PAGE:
Pauline Gasca Valenciano was a cool mom.
Her eldest daughter Jodi Valenciano Perry remembers that when she was 9 years old in 1963, Pauline took all four of her daughters — Jodi, Suzanne, Diane and Jacqueline — to see President John F. Kennedy in Fort Worth the day before he was assassinated in Dallas.
In 1964, Jodi recalled, one day her mother came home and announced that they were going to a concert. Pauline had tickets for Jodi and her two cousins to see The Beatles in Dallas.
The Valenciano girls lived on the frontlines of history with their mother. But what Jodi will never forget about her mother was her fierce pride in her children.
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Jodi was in high school in the 1970s, and at the time, female students weren't allowed to wear pants or blue jeans to school. She was sent home three times because her skirt was deemed too short. The third time, however, Pauline took matters into her own hands.
"She came up there in a mini skirt like I wore and she told the principal 'do not send my daughter home anymore. She hasn't done anything wrong. You're denying her an education,'" Jodi said. "And I was never sent home again. It was hilarious."
As a mother, an activist and a community and public servant, it was her sense of self and how she kept everyone around her accountable that earned the respect of anyone in her path. Pauline's death on June 5 has moved many across communities in Fort Worth to reflect on the impact she had.
"She had a sense of humor and a sarcastic wit that was real quick," Jodi said. "People used to say she didn't need a gun, just let her mouth do the talking, she'd shoot bullets."
Growing up in Fort Worth
Pauline Gasca was born on December 19, 1936, in the Fort Worth barrio, La Fundición in the South Side near a Texas Steel mill. Her father came to the United States during the Mexican Revolution in 1916 and settled in the neighborhood that used to be home to Katy Lake. Today that land is known as La Gran Plaza.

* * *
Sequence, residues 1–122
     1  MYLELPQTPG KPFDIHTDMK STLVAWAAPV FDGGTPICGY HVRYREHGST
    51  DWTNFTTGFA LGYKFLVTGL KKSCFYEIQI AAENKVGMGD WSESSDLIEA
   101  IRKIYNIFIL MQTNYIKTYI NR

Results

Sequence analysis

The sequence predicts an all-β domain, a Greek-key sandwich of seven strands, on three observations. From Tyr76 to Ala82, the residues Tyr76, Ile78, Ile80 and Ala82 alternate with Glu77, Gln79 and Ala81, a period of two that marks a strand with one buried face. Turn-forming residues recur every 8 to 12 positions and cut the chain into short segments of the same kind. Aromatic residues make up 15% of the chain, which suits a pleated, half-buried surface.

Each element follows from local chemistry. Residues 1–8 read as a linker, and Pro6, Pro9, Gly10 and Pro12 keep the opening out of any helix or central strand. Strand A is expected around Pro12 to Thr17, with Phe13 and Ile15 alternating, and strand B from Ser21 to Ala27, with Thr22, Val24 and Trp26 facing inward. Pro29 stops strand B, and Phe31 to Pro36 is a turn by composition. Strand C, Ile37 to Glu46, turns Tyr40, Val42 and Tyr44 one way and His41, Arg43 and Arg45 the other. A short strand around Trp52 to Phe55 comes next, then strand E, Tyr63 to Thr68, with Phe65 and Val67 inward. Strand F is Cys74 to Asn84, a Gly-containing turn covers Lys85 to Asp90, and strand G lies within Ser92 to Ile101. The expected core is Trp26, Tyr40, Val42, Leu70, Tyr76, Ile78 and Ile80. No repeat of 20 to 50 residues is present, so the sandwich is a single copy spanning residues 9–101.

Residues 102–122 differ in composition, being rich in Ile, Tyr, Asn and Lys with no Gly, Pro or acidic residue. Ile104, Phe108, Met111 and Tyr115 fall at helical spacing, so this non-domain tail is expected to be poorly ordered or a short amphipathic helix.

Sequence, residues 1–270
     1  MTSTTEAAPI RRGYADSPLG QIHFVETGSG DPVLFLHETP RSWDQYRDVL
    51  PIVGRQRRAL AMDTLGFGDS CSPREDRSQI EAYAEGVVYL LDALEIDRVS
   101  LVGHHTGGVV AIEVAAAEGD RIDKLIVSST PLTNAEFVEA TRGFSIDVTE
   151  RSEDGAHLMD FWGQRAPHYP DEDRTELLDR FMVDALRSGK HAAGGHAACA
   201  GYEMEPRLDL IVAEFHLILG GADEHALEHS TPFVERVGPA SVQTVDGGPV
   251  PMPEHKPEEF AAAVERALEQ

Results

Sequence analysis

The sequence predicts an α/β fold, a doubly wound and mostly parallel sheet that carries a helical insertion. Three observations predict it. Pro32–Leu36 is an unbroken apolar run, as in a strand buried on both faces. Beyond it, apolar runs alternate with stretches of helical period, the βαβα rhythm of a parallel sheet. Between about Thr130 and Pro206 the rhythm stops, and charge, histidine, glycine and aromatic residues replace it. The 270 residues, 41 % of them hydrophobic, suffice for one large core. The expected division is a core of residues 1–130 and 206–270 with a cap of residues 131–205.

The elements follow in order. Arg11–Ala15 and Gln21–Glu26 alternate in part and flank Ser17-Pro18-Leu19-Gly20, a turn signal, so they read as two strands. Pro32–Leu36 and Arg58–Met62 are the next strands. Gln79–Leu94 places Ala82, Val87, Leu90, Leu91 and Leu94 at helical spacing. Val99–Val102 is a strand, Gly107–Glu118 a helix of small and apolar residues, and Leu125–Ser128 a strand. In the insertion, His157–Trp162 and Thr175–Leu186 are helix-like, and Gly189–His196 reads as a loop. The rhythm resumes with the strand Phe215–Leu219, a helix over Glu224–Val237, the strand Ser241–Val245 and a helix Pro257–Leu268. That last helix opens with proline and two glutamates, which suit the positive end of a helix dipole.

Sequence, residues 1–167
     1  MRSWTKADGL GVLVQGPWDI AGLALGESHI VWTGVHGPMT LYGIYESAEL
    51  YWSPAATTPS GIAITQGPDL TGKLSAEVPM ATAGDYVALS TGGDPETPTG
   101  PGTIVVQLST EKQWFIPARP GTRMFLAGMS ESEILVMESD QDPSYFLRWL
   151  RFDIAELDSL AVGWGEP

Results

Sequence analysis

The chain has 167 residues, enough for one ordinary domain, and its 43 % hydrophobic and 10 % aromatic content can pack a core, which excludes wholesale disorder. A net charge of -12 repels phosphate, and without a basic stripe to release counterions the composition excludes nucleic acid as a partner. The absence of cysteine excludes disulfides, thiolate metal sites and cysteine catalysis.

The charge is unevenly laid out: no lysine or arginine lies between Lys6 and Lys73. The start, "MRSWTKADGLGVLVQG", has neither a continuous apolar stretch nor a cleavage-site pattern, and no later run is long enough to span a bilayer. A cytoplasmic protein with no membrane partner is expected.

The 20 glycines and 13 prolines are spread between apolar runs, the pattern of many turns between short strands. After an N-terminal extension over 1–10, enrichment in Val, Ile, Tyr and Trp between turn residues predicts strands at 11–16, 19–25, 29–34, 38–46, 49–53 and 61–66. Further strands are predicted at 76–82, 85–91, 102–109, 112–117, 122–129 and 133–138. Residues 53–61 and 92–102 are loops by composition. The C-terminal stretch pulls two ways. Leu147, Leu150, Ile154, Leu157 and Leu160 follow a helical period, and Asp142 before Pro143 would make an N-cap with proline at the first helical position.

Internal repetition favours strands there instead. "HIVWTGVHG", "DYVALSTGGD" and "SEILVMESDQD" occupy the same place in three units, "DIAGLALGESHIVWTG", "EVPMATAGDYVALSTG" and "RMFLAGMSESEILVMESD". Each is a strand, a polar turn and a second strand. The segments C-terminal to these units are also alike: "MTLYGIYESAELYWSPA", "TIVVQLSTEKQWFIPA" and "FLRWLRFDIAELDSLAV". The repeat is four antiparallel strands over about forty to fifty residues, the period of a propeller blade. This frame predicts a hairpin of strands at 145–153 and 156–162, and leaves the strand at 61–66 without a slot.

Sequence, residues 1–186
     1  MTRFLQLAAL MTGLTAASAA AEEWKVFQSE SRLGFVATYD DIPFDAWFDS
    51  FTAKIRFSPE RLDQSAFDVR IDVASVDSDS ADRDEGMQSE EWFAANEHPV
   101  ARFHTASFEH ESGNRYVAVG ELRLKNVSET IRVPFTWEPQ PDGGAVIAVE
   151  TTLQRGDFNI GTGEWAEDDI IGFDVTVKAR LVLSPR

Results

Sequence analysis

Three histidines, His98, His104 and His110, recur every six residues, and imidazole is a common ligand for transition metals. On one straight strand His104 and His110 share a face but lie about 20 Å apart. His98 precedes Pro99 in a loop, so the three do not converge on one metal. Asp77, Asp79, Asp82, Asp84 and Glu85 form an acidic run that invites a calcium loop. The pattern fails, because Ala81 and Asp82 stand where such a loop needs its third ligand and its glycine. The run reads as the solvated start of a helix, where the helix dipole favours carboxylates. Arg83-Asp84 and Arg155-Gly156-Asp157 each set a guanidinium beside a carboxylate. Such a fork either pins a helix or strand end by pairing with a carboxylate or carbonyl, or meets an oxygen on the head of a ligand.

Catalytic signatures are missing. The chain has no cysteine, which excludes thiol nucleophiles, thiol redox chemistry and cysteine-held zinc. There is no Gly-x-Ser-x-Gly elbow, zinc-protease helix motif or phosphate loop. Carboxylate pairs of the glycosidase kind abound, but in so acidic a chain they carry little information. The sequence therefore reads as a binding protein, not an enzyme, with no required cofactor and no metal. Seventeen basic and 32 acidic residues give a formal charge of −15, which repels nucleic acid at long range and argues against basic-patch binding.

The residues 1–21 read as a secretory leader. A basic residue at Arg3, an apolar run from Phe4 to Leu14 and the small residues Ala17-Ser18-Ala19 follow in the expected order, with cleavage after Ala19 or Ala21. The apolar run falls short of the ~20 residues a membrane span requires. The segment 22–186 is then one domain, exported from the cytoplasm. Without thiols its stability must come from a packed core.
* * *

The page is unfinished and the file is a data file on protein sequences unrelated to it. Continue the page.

Switching back and forth between English and Spanish, she had said in a 2015 interview for an oral history project with TCU students and faculty that her father used to take them on trips to Mexico to learn the history and culture. She was the youngest of nine siblings and said herself that she was spoiled, but close to her siblings and with her father. He was the one who gave them a Christian upbringing and filled them with Mexican pride.
She was a passionate advocate for education, which both Jodi and TCU history professor Max Krochmal attribute to the limited one she and her parents had. Pauline didn't study past the fifth grade because of segregation. Leading up to her death, Jodi said her mother's greatest pride was that all of her children and grandchildren had a college education.
"I remember my first grade teacher wore stainless steel plates in her nose so she wouldn't breathe our germs," Pauline said. "That was ugly."
In 1948, her fifth grade teacher Ms. Barney took the class to see President Harry S. Truman. Jodi said that experience inspired her mother's activism. Pauline said she had seen every president on their visits to Fort Worth since then.
Pauline married Joe Franco Valenciano on December 8, 1953. Jodi said her dad was the love of Pauline's life.
Joe was in the military, and they moved around a lot to different bases while he trained troops, Jodi said. Pauline would take the girls on weekend trips to different states and cities. By Jodi's count, Pauline had made it to 48 and Canada, but never Alaska.
In 1969, Joe was shot in Vietnam and returned to the States. A year later, he died from the injuries he sustained, leaving Pauline a widow at 34 with four daughters.
It's difficult to pinpoint when and where Pauline's civic engagement first started. Listing all of her activities is nearly impossible. It just seems to be part of who she always was.
When she was a child, her father would take her to downtown and she would see the separate water fountains for people of color.
"I wanted to see if they both tasted the same," she said. "I was the contrarian."
Pauline always stood up for herself. In the face of discrimination or hardship, she always made sure her voice was heard.